A Social App for College Students

Connecting students around what is happening on campus

Project Brief
As a college student, I was constantly frustrated by having to navigate crowded dining halls, search for a study spot in the library or find a fun party. Each of these problems stem from a lack of information about what is happening around campus. With the help of two other students, I created a mobile app to address these frustrations. Our goal was to create a social app designed to help students coordinate and make decisions based on what is happening around campus. We wanted to create a solution specific to the Dartmouth community, but one that could be scaled to address similar problems at other universities.

Tether is a mobile app that provides crowd-sourced information about what is happening around campus, and creates a platform for students to quickly make plans with groups of friends. Tether is different from other social networks because it is focused on coordinating plans rather than online interaction. Since it is limited to the immediete community, Tether creates a personalized and intimate experience.
Date: 2012 - 2014
Role: Creator, Lead Designer
Course: Personal Project
Collaborators: Mike Urbach and Bryan Crampton
Initial Sketches
My initial sketches explored what information would be relevant to students, and how it might be gathered from users in real time. The initial design focused on how students would create plans with eachother around specific locations on campus such as dining halls or social houses. The second sketch features an interaction that I am particularly proud of: A user presses and holds a location's icon as a progress bar wraps around the icon to input how long until they leave for a location (a dining hall for example). I felt this interaction was unique, intuitive, and engaging.
I designed wireframes and began to organize the flow of the interface by creating a system architecture. This helped us to track how a user would navigate through the interface and establish a logical hierarchy of information.
The following are screenshots from the final version of Tether, which we released into app store in 2014.
View Places
Students can view a list of locations (dining halls, social houses, gyms, libraries) and quickly get important information about who is there, who is planning on going, and how busy it is.
Design:This view is meant to present the most critical information in the most simple and digestible format possible. I created a custom icon for each location both for easy visual recognition and to instill a sense of personalized user experience.
Submit Ratings
Users can view what others have said, or submit their own location rating by assigning it a badge, writing a comment, or even taking a picture to capture the scene.
Design: In order to generate as much user dialogue as possible, it was important to make submitting a rating extremely simple. I designed badges to reflect varying types of social scenes, so users can easily select and rate. For example, party badges:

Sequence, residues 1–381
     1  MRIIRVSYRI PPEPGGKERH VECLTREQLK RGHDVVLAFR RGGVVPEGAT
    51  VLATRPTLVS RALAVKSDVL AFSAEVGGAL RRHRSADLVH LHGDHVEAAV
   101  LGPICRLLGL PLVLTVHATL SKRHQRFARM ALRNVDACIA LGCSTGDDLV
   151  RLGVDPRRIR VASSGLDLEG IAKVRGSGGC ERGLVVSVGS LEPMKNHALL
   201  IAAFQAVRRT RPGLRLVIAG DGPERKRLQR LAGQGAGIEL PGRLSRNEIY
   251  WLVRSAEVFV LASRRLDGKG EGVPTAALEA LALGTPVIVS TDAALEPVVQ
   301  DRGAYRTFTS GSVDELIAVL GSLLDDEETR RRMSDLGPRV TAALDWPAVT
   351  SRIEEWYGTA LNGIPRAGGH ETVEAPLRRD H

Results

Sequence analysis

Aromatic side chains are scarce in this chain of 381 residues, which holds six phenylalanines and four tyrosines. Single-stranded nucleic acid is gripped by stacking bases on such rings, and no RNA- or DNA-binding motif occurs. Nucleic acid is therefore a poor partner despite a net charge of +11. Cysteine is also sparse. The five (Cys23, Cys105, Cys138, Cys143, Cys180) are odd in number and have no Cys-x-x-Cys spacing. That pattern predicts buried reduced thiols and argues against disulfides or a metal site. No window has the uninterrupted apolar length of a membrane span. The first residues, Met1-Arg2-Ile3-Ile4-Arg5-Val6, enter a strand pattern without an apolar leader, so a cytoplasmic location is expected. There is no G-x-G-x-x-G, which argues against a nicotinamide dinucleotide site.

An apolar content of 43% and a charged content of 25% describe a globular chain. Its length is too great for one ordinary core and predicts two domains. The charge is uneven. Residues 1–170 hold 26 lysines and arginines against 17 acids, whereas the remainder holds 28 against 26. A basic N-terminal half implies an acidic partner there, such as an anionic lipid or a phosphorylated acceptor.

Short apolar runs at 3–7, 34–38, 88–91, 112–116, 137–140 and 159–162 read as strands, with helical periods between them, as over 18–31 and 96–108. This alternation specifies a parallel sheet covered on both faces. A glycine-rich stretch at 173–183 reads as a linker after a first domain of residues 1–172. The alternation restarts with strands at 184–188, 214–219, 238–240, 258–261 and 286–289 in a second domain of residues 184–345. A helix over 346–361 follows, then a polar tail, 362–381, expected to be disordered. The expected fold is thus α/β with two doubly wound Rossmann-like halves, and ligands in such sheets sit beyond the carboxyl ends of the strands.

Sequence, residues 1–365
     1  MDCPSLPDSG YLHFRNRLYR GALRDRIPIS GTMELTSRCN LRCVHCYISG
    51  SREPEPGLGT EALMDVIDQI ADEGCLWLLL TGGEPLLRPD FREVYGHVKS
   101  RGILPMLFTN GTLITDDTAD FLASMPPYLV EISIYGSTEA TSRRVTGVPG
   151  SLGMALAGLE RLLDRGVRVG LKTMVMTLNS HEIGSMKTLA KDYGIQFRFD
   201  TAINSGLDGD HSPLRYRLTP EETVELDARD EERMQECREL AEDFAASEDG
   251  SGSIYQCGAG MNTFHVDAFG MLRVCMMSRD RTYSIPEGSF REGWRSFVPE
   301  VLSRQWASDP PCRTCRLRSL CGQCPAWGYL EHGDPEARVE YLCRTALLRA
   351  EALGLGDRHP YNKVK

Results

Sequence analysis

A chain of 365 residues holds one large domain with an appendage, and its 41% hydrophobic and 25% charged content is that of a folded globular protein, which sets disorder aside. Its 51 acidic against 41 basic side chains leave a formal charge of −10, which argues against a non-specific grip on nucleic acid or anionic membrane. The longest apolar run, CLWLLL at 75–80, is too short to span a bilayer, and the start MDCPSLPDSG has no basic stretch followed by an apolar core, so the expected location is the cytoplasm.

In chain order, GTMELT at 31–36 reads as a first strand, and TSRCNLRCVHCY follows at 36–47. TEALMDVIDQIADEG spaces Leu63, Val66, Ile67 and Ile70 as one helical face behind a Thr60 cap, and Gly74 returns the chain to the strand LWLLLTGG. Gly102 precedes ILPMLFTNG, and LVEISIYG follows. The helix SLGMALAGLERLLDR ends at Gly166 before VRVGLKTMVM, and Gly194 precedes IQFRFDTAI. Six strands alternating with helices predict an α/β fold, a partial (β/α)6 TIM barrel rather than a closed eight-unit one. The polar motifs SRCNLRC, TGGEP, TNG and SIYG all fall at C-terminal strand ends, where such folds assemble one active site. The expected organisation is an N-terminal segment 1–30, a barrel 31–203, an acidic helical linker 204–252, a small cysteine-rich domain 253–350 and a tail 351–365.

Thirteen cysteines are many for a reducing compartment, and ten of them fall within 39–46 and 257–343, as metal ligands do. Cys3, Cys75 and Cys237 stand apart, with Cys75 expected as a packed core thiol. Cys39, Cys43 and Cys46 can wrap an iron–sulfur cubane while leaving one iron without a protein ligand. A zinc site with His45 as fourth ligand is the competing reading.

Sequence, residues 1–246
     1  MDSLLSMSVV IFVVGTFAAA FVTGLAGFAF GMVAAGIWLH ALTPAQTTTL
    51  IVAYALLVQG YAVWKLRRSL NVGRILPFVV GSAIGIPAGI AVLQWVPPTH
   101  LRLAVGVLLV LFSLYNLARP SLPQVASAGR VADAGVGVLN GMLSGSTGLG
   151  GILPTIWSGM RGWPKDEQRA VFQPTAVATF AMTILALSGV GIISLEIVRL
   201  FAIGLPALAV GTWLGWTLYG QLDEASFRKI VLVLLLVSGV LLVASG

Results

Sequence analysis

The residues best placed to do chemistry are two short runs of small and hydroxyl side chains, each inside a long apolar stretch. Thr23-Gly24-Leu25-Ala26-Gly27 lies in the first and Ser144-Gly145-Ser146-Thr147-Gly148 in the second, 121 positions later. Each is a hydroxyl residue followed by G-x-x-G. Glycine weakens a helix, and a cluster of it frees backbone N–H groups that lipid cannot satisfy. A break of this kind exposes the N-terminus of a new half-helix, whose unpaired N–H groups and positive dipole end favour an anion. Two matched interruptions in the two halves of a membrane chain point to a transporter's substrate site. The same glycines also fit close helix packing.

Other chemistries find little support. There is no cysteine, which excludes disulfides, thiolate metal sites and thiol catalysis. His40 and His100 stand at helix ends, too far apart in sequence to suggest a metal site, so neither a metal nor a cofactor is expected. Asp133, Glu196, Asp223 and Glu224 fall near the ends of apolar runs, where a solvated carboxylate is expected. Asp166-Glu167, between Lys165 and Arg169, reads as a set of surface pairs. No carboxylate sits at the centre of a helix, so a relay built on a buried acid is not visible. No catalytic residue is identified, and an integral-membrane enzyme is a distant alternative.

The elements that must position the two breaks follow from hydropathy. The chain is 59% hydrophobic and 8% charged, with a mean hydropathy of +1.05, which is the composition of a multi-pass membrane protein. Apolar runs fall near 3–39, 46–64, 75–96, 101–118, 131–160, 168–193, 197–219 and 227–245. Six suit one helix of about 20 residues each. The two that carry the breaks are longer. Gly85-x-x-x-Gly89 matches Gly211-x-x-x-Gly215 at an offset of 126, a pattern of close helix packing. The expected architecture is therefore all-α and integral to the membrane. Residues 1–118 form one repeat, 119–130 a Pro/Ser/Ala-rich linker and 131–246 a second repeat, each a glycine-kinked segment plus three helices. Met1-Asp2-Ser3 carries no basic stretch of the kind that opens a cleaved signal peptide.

Create Plan: Step 1
To create a plan, users select where and when they want to go.
Design:We also noticed that students often schedule meal plans around classes, so we included buttons to create plans after a given class period.
Create Plan: Step 2
Users can select both individual friends and groups of friends to tether to their plan. Once the plan is created, tethered friends receieve a push notification and can choose to join or decline the plan.
Design: Instead of having to select each individual friend, Tether users are organized by their affiliations on campus (greek life, athletics, clubs, etc.), so tethering entire groups of friends is extremely easy. Users are also able to create custom groups of friends they often make social plans with.
View Plan
Once a plan is created, users can see the plan details (who is going, who has been invited, time, etc.), as well as send messages to the group.
Design: Since the plan creater sets the initial place and time, the plan page enables tethered friends to coordinate further or tweak the plan details.
Designing and creating Tether was an incredibly valuable experience for several reasons. So many great ideas never move past the initial doodle. To me, nothing is more exciting than bringing an idea to life. As my first time executing on a solution out of my sketchbook, the process of creating Tether exposed me to the realities of implementing a fully functional interface from nothing. As a group, we learned as we went and progress was extremely slow at first. Identifying a shared vision, distinguishing specific roles and developing a more efficient workflow were all key steps to building momentum.Admittedly, Tether was not a wild success. While we were able to submit a strong build to the app store by the end of my senior year, we were never able to build up a significant critical mass of users.
For us, the experience of working as a group to build something we believed in, and learning along the way was the main objective - creating a killer social app and building a massive user base would just have been a bonus. Reflecting on our process, there are some things I would do differently, though. For example, I think creating a more specific and distinct problem would have helped us early on to focus in on a design. Our initial designs were based more on interesting but vague ideas rather than specific pain points. Developing a clear focus later on had a signficant impact on the effectiveness of our ultimate design.

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